Should we revisit testing as a means of assessment?
No doubt, students will need to be prepared for college (or, if you teach middle school high school; if you teach elementary school, middle school), and most colleges still using testing as a primary means of assessing students. After all, when you have a lecture class with 300 students, it is not feasible to use alternative methods of assessment. Perhaps the biggest argument in favor of keeping tests is to prepare students for the college environment.
I looked over my unit plans, lessons, and assessments this semester, and I realized something interesting. I have given very few tests. Most of the tests I have given have been summer reading assessments. I have relied primarily on the following means of assessment: quizzes, essays, and “authentic assessments.”
My quizzes are typically five-question, short answer quizzes over reading assignments so I can be sure students are doing the reading I have asked them to do. Students typically do either well or poorly on them based on how well they have read.
Essays are a staple of the English curriculum, but perhaps even more so at my school, with its competitive college preparatory environment and focus on developing writing skills. My goal has been to assign at least four essays for each class this semester. I have mostly realized this goal, largely through better planning using UbD to construct units. I also allowed most of my classes to choose an essay they wrote this semester to revise for a higher grade, as I believe revision and reflection help students see writing as a process.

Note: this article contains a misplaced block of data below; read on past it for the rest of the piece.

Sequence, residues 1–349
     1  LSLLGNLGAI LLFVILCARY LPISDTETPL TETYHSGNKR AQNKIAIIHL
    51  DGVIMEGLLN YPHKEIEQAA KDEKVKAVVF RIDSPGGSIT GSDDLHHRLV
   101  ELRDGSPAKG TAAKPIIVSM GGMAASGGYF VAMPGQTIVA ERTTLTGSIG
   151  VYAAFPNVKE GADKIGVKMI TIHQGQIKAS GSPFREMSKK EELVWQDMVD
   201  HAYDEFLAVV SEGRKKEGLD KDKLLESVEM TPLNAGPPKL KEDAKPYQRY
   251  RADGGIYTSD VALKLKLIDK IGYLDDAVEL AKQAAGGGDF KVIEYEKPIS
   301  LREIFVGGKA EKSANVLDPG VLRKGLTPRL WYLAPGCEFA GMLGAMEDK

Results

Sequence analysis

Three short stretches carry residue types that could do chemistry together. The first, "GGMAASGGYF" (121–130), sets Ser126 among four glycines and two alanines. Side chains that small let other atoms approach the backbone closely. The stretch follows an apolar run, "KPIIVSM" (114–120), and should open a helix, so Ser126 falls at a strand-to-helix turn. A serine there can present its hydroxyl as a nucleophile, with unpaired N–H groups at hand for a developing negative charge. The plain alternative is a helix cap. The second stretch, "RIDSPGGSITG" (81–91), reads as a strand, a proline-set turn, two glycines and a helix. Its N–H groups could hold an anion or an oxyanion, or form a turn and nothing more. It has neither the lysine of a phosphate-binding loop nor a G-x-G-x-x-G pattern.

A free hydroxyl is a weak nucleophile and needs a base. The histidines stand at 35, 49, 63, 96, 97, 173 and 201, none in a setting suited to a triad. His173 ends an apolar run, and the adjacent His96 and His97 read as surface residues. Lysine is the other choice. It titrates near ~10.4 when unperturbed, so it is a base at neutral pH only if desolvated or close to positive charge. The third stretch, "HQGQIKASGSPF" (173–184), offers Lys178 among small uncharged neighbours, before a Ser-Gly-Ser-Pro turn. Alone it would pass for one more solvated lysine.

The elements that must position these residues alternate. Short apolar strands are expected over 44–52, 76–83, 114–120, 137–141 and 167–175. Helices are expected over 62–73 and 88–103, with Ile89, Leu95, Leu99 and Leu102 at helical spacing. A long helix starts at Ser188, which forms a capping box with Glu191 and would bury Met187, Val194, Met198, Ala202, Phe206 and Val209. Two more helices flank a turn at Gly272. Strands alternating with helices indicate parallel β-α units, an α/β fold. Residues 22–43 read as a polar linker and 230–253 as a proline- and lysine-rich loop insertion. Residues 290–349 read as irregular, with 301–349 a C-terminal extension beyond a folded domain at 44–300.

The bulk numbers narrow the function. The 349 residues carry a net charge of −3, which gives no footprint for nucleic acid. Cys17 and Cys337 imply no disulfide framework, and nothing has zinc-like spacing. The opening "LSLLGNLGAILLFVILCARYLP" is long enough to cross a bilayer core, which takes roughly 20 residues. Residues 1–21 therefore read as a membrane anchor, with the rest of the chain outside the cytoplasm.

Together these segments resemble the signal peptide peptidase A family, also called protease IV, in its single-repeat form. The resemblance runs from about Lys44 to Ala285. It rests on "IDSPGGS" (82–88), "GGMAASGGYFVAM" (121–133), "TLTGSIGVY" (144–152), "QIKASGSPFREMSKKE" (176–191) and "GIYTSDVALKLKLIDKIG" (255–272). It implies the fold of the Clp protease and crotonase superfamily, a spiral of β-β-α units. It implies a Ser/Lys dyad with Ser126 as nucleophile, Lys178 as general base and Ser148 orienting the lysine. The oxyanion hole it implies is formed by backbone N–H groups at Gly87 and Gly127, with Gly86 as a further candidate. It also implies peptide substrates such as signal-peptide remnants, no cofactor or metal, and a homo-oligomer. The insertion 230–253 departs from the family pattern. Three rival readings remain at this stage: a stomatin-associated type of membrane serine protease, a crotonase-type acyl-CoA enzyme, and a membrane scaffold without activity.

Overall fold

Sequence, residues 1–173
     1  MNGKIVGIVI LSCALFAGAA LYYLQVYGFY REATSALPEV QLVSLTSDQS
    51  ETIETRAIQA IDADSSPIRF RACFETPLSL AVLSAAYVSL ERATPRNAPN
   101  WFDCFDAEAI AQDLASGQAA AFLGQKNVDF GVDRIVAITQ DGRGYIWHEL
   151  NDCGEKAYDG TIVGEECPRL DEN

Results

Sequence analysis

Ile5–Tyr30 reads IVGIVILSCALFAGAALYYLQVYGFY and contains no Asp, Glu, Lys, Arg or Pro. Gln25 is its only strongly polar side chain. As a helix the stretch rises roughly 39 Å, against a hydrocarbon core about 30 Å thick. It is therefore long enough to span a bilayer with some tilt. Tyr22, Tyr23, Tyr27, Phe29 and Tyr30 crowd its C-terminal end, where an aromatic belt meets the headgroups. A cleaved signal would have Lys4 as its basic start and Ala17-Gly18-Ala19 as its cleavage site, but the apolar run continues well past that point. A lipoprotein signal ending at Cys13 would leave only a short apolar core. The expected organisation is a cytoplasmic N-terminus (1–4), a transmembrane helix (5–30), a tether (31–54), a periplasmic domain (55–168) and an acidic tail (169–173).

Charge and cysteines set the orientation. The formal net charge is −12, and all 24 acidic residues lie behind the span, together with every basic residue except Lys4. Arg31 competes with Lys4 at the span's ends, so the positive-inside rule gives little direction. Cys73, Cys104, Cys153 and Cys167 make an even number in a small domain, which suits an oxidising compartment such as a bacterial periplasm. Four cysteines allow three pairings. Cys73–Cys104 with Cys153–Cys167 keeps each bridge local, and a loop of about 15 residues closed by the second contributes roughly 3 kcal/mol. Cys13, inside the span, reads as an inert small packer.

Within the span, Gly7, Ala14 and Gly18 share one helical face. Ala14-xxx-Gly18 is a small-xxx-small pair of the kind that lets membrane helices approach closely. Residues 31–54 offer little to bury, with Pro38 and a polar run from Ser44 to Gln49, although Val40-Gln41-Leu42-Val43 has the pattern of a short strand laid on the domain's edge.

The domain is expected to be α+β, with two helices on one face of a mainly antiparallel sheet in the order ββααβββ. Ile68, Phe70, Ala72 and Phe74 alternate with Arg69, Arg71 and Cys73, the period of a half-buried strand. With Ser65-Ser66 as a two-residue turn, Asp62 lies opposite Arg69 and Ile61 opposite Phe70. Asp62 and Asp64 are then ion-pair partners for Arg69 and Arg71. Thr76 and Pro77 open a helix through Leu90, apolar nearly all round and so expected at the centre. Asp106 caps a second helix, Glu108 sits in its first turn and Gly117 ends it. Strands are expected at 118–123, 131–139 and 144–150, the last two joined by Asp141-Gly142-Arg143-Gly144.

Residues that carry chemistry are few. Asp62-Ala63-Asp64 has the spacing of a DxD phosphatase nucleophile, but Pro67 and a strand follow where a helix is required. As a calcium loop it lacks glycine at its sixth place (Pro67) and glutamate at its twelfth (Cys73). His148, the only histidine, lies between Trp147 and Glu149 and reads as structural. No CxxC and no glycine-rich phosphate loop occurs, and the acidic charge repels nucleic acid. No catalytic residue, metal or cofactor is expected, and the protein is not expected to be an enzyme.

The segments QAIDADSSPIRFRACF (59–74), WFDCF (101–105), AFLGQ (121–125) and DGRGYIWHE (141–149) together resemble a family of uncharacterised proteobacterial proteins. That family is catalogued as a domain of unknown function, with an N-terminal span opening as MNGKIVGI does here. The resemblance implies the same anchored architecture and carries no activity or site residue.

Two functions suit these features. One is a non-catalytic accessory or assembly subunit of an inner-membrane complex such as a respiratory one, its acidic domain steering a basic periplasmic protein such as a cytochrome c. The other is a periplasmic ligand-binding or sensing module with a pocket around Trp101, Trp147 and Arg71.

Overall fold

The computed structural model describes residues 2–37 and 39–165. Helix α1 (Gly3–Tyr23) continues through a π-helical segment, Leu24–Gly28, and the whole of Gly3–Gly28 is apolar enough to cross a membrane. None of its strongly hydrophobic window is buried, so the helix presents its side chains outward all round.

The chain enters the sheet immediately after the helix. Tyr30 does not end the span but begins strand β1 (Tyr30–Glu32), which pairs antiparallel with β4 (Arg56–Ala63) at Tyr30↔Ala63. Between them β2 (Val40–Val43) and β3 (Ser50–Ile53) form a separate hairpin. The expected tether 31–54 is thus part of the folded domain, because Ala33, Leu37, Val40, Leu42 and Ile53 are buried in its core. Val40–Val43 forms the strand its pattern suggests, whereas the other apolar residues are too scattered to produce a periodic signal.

My “authentic assessments” have come straight from UbD and include crafting a résumé for Beowulf, writing our own Odyssey in order to demonstrate understanding of Homer’s, writing a letter to Arkansas Representative Steve Harrelson regarding his state’s apostrophe dilemma, and creating a comma usage manual for Rogers Communications (that $2 million comma error had to hurt!).
As I indicated in a previous post, I simply ran out of time this semester in order to truly do what I wanted to do with each unit. I do have fewer minutes per week with my students than I would like — I average 45 minutes per day with each class, which is substantially less than other schools where I’ve worked. However, what I have learned about the authentic assessments is that they were not only much closer to the kinds of tasks students will be asked to do when they begin their careers than tests. How many tests have I taken as part of my job? I can’t think of any. I did have to take a test to get my certificate. I had to take another to exempt from a computer skills course required in my state. No principal has ever asked me to take a test for any reason. If you take a look at the kinds of tasks I asked students to do to prove to me they internalized the essential questions we were exploring as part of our units this semester, I think you might discover that the tasks were more engaging than the standard test. The tasks also asked students to think, internalize, apply, analyze, and synthesize information and present it in a unique fashion. In short, I think they were taxed to think critically on a much higher level in Bloom’s Taxonomy than a standard test would require.
Are tests going anywhere? I doubt it. And I do believe that students should know how to take a test and how to study in order to do well in college, but I also think it behooves us as educators to offer them opportunities to demonstrate their learning with authentic assessments that enable students to truly show us what they know and practice working on the kinds of tasks they will be asked to do as part of their careers one day. At any rate, it’s something to think about. Though I have had fewer tests in my class this semester, I don’t think my students have learned less or been less challenged. If anything, they have been more challenged (particularly with regards to writing). However, I do still plan to give them a final examination. Still, I think it would be an interesting challenge for all of us to examine what we are accomplishing through tests and ask ourselves if we are really preparing students for life beyond school.